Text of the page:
Little Cayman hosts lionfish awards

Dive resorts in Little Cayman have taken the battle against the invasive lionfish to heart, as was evident at the first Little Cayman Lionfish Awards for 2011. The event took place 19 January and was hosted at Southern Cross Club. 

Categories awarded included Catch Per Unit Effort, Highest Catch to Miss Ratio and Highest Attendance to name a few – with the highest honours going to Bob and Gay Morse from the Pirates Point Resort for Most Number Of Fish Caught. They won a well-deserved round trip ticket to Miami and a dive computer for their valuable contribution to the cause. 

Lionfish were first found in the Cayman Islands in Little Cayman by local divemaster Dottie Benjamin in 2008. Since then, the invasive species has made the waters off all three of the Cayman Islands its home. 

Event organiser and President of the Sister Islands Tourism Association Neil van Niekerk said the voluntary efforts of the divemasters needed to be recognised for their significant contribution to the management of lionfish in Little Cayman.  

“Without these efforts the reef would become homogenised to the extent that there would be too little biodiversity on the reef to differentiate Little Cayman from the rest of the Caribbean who are afflicted by the invasion. Little Cayman’s Bloody Bay Marine Park is the jewel in the crown of the Cayman Islands,” he said. 

Central to the awards were the efforts of the resident scientists at the Central Caribbean Marine Institute’s Little Cayman Research Centre, along with the directorship of Tom Frazer, a professor from the University of Florida, who tracked the efforts of the divemasters during the past year alongside their own comprehensive study of the lionfish population density in Little Cayman. 

“Many people from multiple Caribbean nations are discussing removal of lionfish as a management response, with detractors claiming that such efforts are misguided. Until now, neither group has access to any quantitative and reliable measures of the efficacy of targeted lionfish removals,” Mr. Frazer said.  

He said lionfish removal efforts in Little Cayman provided compelling evidence that targeted removals can be successful. 

“[T]argeted removals can and do reduce numbers of lionfish and shift size frequency distributions of remaining fish toward smaller individuals that contain less prey, important reef fish in particular,” Mr. Frazer said. 

He said this indicates that targeted removals represent a viable option for shifting the direct impact of lionfish away from highly vulnerable components of the ecosystem. 

Mr. van Niekerk said the dive community in Little Cayman has always felt a strong connection to addressing the lionfish problem, as lionfish were first discovered in Little Cayman. 

“We had been culling individually since 2008, however, in January 2011 we decided that a more comprehensive approach was needed. We then formed a meeting of all the resort and dive operator management along with the Department of Environment and CCMI. It was then decided that a co-operative community cull was the best way forward,” Mr. van Niekerk said. “Our core focus is on the Bloody Bay Marine Park, as this is where our tourism product lies. We do however also cull the Preston Bay Marine Park and various areas outside the Parks too.”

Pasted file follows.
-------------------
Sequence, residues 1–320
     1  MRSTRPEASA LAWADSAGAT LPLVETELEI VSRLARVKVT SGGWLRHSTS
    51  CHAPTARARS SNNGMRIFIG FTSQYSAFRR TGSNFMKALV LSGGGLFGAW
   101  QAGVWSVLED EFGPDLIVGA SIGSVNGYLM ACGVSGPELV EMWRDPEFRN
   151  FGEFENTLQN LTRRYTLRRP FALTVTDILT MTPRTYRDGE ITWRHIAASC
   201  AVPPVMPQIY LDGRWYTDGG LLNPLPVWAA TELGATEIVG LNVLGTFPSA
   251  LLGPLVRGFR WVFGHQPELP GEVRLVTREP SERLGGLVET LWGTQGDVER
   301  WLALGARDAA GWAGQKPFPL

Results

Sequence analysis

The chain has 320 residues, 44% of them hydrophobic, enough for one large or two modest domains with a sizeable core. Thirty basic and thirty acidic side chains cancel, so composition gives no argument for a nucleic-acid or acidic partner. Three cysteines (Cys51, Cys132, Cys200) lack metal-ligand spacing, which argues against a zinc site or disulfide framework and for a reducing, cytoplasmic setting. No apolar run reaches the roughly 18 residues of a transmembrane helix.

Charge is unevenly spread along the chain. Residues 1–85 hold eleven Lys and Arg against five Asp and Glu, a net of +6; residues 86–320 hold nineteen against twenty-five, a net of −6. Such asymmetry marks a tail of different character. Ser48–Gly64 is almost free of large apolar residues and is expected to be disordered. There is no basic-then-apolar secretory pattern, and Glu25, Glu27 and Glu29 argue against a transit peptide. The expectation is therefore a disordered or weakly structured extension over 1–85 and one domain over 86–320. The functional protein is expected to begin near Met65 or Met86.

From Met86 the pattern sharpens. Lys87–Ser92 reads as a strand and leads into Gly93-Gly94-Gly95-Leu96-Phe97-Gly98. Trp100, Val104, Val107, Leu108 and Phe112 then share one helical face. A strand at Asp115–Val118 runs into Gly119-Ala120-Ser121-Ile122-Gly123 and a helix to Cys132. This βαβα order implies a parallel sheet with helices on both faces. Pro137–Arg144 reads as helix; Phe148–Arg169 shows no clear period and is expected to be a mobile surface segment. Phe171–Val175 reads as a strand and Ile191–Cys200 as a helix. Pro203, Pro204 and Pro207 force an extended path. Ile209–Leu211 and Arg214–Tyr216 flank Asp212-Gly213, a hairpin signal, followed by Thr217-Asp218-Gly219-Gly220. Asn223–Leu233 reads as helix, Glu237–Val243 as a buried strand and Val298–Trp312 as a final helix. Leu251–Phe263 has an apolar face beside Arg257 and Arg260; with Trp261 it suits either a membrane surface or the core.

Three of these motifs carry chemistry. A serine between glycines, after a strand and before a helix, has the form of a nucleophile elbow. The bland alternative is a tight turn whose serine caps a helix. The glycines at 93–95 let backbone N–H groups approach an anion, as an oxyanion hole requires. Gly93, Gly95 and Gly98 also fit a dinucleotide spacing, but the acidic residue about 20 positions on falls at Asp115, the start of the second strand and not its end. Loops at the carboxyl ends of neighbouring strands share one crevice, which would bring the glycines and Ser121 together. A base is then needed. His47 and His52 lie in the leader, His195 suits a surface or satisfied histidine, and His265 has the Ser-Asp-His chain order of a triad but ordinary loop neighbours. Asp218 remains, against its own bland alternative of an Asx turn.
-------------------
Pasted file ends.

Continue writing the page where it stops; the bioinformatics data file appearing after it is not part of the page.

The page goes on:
The culls follow a very structured approach, with teams of divers dropped along the wall and then swimming to a central location in an organised fashion. 

“Culls are made using the Hawaiian Sling method sanctioned by the DoE, and catches are held in watertight containers developed in Little Cayman to restrict blood from entering the water and attracting sharks,” Mr. van Niekerk said. “However, the effort does take a considerable amount of time, effort and expense on the part of the dive resorts, which is why the Sister Islands Tourism Association has approached the government for assistance in keeping the programme running. 

“It is extremely difficult to motivate people to do this on a volunteer basis and we recognise the need for government intervention to save this marine park,” he said. “However, we as stakeholders understand the need for this to continue and we will do so for as long as it is possible financially.” 

Although conservation efforts are at the heart of the lionfish cull, the fish do not go to waste. 

“All of the fish are processed by CCMI and University of Florida the day after the cull and fish are then divided between the resorts’ kitchens to be prepared for our guests,” Mr. van Niekerk said. 

The awards attracted the attention of local and international sponsors with Cayman Airways, Scubapro, Blue Ocean Art, Jacques Scott Liquors, Divers Supply, Divetech and Cobalt Coast Resort, Sunset House, Trident Diving Supplies, Little Cayman Beach Resort, Pirates Point Resort, Conch Club Divers, Paradise Villas and the Southern Cross Club all providing prizes for the event. 

lionfish

Little Cayman’s dive opperators are banding together to hunt the invasive lionfish. – Photo: File